IR Claims welcomes the re-elected Victorian Labor government fulfilling its commitment to introduce criminal penalties for wage theft.
Industrial advocate Miles Heffernan from IR Claims says wage theft is rife in many industries.
For example, hospitality, retail and fast food.
“Daniel Andrews described his government as the most progressive in Australia,” he said.
“It will therefore be great to see Victoria be the first state to introduce criminal penalties for greedy bosses who rip off their workers.”
Criminal penalties for wage theft
Under Labor’s proposal, employers will face a maximum jail term of 10 years.
In addition, businesses will be penalised up to $950,000 for failing to pay proper award rates including penalties and overtime, superannuation.
The same monetary penalties will also apply to employers who fail to keep proper paperwork, issue pay slips or falsify payment records.
Furthermore, the legal process to recover wages will be fast tracked, with cases heard within 30 days.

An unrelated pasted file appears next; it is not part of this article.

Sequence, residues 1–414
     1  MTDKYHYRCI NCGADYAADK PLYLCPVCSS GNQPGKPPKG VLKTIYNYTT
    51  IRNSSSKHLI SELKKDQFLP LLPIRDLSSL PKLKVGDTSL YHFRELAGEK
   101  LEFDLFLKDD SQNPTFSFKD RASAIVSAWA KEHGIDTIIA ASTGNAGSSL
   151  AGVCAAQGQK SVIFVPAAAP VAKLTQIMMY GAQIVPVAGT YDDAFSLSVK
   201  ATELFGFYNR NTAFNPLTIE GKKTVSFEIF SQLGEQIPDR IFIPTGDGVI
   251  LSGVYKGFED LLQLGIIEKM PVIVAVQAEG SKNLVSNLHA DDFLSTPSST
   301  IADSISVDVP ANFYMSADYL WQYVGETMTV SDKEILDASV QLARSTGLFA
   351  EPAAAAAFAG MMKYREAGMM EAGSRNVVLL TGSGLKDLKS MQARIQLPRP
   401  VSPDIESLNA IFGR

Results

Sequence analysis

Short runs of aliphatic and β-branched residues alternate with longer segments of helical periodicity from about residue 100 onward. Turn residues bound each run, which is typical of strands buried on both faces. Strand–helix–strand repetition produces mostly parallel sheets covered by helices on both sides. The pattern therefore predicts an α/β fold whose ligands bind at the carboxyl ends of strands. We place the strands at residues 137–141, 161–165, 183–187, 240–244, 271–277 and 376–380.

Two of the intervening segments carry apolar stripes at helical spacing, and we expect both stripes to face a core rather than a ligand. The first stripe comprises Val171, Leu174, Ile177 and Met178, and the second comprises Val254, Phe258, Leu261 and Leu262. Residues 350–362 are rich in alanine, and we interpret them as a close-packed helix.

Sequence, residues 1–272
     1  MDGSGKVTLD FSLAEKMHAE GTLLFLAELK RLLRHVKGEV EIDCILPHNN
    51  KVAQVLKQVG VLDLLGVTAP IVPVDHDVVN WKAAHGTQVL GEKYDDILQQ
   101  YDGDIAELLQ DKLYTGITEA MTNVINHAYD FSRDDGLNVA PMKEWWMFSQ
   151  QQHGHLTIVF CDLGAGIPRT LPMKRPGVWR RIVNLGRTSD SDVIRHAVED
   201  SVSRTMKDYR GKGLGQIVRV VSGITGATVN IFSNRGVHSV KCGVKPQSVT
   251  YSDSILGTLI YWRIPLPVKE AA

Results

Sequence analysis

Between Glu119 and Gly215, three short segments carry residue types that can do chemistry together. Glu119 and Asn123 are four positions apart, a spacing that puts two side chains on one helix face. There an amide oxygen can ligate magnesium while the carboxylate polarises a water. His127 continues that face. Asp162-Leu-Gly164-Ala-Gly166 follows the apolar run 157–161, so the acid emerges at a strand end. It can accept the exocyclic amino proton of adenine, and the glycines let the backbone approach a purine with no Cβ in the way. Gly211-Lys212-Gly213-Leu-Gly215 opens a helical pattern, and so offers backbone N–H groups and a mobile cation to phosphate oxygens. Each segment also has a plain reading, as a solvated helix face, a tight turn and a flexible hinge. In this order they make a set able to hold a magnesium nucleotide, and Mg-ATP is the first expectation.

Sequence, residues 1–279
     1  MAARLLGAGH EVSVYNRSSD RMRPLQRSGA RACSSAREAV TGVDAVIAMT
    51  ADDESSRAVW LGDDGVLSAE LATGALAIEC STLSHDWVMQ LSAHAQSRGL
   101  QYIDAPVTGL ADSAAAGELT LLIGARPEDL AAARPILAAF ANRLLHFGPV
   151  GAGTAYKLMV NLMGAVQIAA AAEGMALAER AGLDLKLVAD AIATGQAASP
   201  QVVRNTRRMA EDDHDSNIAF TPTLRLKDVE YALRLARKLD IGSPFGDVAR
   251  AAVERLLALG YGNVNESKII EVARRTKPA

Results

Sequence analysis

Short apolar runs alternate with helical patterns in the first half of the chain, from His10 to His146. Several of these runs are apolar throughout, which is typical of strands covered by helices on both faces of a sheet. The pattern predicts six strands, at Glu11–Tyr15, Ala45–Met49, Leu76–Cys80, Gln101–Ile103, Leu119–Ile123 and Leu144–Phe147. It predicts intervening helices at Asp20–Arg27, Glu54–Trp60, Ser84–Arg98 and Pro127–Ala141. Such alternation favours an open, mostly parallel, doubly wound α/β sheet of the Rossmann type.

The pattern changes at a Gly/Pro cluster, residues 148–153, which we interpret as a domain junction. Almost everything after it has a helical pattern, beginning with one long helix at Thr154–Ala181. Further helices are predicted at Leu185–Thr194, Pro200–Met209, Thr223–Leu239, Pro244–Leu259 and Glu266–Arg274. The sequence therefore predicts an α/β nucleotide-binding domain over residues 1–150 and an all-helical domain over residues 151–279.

A new agency called the Victoria Wage Inspectorate will enforce the new laws.
The inspectorate will be charged with enforcing:
- the Long Service Leave Act;
- child labour laws; and also
- sham contracting.
A key part of its role will also involve targeted education campaigns.
Wage theft costs billions
A recent Queensland parliamentary inquiry found one in five workers in that state are not being paid proper wages and entitlements.
Recent research estimates that wage theft costs the economy $5.1 billion annually.
The inquiry made 17 recommendations to government, including the introduction of criminal penalties.
What the experts say
Mr Heffernan from IR Claims has helped hundreds of workers recover more than a million dollars in stolen wages.
“It’s been too easy for too long for greedy bosses to steal from their workers and get away with it,” he said.
“I think when employers start getting criminal convictions and jail sentences, many will start thinking twice before underpaying their staff.”
Please call our team at Industrial Relations Claims today on